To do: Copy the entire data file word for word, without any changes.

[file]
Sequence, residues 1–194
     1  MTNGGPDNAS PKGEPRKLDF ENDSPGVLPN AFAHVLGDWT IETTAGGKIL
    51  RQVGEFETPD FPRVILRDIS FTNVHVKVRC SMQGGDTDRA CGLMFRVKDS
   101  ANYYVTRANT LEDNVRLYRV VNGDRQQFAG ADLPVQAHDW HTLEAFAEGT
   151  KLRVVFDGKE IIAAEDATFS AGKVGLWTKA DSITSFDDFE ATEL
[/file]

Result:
Sequence, residues 1–194
     1  MTNGGPDNAS PKGEPRKLDF ENDSPGVLPN AFAHVLGDWT IETTAGGKIL
    51  RQVGEFETPD FPRVILRDIS FTNVHVKVRC SMQGGDTDRA CGLMFRVKDS
   101  ANYYVTRANT LEDNVRLYRV VNGDRQQFAG ADLPVQAHDW HTLEAFAEGT
   151  KLRVVFDGKE IIAAEDATFS AGKVGLWTKA DSITSFDDFE ATEL